Have you ever stopped to wonder what would happen if you lost the ability to speak — to make sound? It happened to a friend of mine recently and he found the whole experience quite frightening. He is a sales manager and hadn’t realised just how much he relied on a healthy functioning voice to get across his thoughts and ideas in the workplace.
Many of us depend on our voice to make a living. Yet it is one part of the body people know very little about. The voice makes up a substantial part of our self-image — the way we perceive ourselves in relation to the world around us.
This is an area I have specialised in for more than 30 years, helping people to communicate more easily and efficiently. In this post, I want to look at the practical aspects of dealing with voice. In a follow-up post, I will go on to look at emotional considerations.
As with my friend, occupational voice issues now affect record numbers of people. One quarter of the workforce experience problems with their voice. It has been estimated that the UK loses £200 million each year from occupational voice disorders*. For some people, these problems mean the end of their careers.
But what actually is the ‘voice’?
The physiology of voice
We make sound from the vibration of our ‘true’ vocal folds, fibro-elastic ligaments covered by mucous membrane. Women’s folds are approximately 17mm long and men’s 23mm.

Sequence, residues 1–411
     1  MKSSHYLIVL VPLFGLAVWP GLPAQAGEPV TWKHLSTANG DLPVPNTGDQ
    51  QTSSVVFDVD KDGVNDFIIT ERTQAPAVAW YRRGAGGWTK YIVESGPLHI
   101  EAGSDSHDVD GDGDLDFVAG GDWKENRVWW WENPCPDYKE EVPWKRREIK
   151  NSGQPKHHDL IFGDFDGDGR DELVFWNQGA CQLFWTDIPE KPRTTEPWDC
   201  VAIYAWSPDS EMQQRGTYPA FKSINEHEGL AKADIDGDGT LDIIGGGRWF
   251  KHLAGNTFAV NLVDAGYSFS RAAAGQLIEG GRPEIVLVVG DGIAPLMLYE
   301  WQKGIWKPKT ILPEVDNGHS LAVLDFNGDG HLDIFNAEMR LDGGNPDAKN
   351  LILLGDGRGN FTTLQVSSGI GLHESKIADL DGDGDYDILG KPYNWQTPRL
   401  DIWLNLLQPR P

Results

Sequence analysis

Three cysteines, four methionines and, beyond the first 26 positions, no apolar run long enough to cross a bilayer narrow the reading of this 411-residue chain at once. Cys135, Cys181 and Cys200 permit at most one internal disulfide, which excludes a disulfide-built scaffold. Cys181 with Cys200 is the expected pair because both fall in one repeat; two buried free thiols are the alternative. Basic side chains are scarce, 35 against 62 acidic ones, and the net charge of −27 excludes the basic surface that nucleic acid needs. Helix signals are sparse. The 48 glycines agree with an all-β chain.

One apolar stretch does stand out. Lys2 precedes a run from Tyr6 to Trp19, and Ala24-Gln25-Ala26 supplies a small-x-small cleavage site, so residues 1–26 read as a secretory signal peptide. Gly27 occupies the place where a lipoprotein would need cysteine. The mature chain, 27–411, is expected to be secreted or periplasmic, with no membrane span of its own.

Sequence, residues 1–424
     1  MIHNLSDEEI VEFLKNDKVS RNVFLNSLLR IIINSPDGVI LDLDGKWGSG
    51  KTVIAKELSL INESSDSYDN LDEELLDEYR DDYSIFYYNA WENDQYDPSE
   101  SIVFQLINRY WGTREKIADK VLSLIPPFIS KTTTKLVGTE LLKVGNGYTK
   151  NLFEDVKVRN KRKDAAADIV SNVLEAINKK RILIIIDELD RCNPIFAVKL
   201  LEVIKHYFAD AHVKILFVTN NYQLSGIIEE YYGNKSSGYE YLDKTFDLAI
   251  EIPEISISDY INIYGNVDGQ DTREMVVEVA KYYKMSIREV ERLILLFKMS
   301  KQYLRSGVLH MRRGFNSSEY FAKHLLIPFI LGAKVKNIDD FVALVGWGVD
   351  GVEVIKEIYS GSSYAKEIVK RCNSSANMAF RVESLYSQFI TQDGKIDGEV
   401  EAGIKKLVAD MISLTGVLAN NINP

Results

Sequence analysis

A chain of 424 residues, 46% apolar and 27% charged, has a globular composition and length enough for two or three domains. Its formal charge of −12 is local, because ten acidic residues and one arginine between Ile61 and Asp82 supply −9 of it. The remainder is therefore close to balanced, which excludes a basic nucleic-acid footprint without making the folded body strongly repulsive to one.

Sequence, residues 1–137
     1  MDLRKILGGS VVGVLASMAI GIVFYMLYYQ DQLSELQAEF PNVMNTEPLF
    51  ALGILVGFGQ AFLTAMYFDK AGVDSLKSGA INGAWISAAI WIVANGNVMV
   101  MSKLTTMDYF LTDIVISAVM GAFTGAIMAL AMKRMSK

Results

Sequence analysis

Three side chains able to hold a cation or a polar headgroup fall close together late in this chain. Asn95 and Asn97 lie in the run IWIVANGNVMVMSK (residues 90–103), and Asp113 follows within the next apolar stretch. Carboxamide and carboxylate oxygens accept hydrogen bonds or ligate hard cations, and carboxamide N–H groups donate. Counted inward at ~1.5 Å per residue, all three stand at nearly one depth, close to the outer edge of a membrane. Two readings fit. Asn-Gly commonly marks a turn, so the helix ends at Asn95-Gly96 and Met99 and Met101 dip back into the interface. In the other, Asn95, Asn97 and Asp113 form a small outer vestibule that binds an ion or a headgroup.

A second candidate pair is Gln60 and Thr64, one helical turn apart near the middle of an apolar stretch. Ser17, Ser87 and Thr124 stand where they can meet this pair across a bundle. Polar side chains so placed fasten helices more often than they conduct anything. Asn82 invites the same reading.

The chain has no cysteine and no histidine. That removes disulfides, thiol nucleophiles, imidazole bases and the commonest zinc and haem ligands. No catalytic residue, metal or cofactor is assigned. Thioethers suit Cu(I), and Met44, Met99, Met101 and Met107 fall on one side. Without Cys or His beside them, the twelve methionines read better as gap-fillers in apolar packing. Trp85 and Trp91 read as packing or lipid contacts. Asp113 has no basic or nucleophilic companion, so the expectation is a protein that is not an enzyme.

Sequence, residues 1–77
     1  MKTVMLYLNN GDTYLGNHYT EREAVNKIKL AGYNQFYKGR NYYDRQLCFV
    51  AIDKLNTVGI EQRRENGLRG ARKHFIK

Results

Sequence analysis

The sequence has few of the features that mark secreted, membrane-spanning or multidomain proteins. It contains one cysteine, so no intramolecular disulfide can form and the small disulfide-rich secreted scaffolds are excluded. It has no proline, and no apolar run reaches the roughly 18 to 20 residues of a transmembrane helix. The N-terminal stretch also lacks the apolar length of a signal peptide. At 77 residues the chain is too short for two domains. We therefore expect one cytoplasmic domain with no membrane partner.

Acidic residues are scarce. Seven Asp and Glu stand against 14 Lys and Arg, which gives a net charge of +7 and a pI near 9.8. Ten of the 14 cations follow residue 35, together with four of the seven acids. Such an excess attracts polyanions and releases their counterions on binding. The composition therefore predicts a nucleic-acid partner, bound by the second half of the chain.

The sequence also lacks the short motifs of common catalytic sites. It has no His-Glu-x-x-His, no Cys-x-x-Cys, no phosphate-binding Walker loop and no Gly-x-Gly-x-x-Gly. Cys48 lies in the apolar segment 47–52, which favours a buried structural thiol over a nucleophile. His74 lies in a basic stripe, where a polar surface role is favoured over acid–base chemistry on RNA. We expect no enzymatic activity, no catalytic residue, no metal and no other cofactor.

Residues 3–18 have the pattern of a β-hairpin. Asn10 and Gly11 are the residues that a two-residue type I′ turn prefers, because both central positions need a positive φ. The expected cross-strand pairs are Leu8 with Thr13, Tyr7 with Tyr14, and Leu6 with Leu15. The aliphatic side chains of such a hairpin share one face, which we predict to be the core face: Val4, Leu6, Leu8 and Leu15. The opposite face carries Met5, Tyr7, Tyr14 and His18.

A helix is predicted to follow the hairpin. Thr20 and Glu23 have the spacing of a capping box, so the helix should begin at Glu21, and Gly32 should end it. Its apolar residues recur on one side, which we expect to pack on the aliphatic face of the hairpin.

The vocal folds are attached to the thyroid and cricoid cartilage (the Adam’s apple) at the front of the neck, and two moveable cartilages at the back called the arytenoids. They are also attached to the trachea and surrounding wall of the larynx by the laryngeal musculature.
When we breathe, our arytenoids move apart, opening the vocal folds like a pair of curtains. When we speak, they move together and close the vocal folds.
Sound is generated when the air pressure from the lungs pushes against the closed vocal folds. It causes them to open and shut very quickly, which creates an audible vibration of sound. It is similar to how we can make sound by stretching the mouthpiece of a fully blown balloon and allowing the air to escape slowly.
Pitch of your voice
Whether your voice sounds high or low depends on the length and tension of your vocal folds. They are controlled very precisely by the laryngeal musculature and the overall position of your Adam’s apple.
Place a finger gently on your Adam’s apple and try singing a siren sound. Start low note and sweep up to a higher note. You should notice that your Adam’s apple moves upwards, which creates more tension in the vocal folds.
Imagine plucking an elastic band. The greater the tension in the elastic band, the higher the sound. If you reduce the tension the sound gets lower.
Although sound is formed in the cavity of your neck — the vocal tract — words are formed in your mouth. The only exceptions are the sounds ‘m’, ’n’ and ‘ing’, which are formed in the nose.
The quality of the sound you make is often described as vocal resonance. It depends primarily on the position of your Adam’s apple, tongue, how wide you open your mouth, and the tension of the muscles in your face and neck.
However, every single tension and relaxation of muscle in your body can greatly affect the sound of your voice. For example, your voice will sound different when you are slumped over a desk, as opposed to sitting upright.